Effectiveness of intravenous r-tPA versus UK for acute ischaemic stroke: a nationwide prospective Chinese registry study


Intravenous recombinant tissue plasminogen activator (r-tPA) and urokinase (UK) are both recommended for the treatment of acute ischaemic stroke (AIS) in China, but with few comparative outcome data being available. We aimed to compare the outcomes of these two thrombolytic agents for the treatment of patients within 4.5 hours of onset of AIS in routine clinical practice in China.


A pre-planned, prospective, nationwide, multicentre, real-world registry of consecutive patients with AIS (age ≥18 years) who received r-tPA or UK within 4.5 hours of symptom onset according to local decision-making and guideline recommendations during 2017–2019. The primary effectiveness outcome was the proportion of patients with an excellent functional outcome (defined by modified Rankin scale scores 0 to 1) at 90 days. The key safety endpoint was symptomatic intracranial haemorrhage according to standard definitions. Multivariable logistic regression was used for comparative analysis, with adjustment according to propensity scores to ensure balance in baseline characteristics.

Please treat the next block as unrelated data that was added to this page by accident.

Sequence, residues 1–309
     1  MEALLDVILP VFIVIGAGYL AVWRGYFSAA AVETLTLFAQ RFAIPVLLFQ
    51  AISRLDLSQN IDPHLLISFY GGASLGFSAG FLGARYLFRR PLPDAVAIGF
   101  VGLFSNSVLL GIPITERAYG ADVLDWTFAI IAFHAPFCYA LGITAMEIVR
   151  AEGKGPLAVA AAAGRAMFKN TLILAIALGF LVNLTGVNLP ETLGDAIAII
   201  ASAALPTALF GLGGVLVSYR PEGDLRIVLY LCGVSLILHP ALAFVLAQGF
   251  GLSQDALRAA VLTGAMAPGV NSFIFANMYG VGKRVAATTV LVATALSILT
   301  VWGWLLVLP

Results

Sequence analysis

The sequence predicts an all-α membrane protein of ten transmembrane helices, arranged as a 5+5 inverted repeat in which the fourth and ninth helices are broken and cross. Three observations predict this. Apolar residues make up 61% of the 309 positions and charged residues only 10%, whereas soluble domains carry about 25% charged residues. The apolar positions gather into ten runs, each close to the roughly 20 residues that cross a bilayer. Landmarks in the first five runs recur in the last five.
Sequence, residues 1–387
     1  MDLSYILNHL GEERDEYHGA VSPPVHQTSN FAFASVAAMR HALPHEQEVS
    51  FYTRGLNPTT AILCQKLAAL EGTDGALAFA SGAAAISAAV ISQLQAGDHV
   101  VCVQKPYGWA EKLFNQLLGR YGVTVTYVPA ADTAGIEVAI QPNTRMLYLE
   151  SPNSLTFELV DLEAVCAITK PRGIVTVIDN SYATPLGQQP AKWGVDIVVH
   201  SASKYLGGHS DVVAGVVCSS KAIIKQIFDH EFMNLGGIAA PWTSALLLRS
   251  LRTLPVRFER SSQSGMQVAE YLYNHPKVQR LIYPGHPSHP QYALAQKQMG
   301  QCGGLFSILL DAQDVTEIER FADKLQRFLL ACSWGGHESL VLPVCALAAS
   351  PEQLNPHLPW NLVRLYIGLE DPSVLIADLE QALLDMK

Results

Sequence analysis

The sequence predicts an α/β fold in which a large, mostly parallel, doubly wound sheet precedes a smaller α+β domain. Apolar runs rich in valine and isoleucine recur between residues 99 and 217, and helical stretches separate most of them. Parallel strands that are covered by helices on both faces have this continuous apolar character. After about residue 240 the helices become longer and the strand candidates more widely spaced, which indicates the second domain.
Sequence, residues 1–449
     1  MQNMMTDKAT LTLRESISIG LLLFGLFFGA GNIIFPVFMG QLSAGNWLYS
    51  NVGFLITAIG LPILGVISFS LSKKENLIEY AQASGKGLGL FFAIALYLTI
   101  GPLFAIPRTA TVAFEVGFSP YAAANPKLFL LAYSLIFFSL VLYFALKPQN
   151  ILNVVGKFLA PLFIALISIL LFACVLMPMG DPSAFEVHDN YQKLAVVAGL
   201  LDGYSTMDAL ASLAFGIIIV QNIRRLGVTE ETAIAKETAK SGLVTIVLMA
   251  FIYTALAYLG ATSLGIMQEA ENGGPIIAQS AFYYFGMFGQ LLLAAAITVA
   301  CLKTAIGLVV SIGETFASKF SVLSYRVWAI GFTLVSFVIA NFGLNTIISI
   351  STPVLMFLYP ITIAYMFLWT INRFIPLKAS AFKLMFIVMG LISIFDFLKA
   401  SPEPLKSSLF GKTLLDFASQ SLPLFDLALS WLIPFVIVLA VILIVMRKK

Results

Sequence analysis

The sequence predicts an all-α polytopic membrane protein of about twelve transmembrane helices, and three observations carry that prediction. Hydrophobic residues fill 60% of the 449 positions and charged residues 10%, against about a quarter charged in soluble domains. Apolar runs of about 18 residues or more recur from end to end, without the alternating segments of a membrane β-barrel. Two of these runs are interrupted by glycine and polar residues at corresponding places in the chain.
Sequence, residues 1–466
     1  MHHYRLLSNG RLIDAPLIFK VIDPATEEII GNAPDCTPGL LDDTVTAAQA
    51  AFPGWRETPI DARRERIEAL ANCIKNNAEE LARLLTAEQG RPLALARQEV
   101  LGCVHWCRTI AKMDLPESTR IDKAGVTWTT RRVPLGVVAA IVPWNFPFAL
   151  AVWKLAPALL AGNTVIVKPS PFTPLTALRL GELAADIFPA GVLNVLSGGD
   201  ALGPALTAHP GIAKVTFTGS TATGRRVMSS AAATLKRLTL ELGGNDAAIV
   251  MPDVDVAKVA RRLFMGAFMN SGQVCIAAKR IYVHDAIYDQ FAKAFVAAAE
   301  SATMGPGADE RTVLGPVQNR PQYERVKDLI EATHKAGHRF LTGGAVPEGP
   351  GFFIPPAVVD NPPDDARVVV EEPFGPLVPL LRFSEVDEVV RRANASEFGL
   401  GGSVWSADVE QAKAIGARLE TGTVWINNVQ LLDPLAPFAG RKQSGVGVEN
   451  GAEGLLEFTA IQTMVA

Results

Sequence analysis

Overall, 4130 patients with AIS were registered but 320 had incomplete or missing data, leaving 3810 with available data for analysis of whom 2666 received r-tPA (median dose 0.88 (IQR 0.78–0.90) mg/kg) and 1144 received UK (1.71 (1.43–2.00)x104 international unit per kilogram). There were several significant intergroup differences in patient characteristics: r-tPA patients were more educated, had less history of stroke, lower systolic blood pressure, greater neurological impairment and shorter treatment times from symptom onset than UK patients. However, in adjusted analysis, the frequency of excellent outcome (OR 1.18, 95% CI 1.00 to 1.40, p=0.052) and symptomatic intracranial haemorrhage (OR 0.70, 95% CI 0.33 to 1.47, p=0.344) were similar between groups.


UK may be as effective and carry a similar safety profile as r-tPA in treating mild to moderate AIS within guidelines in China.


http://www.clinicaltrials.gov. unique identifier: NCT02854592.

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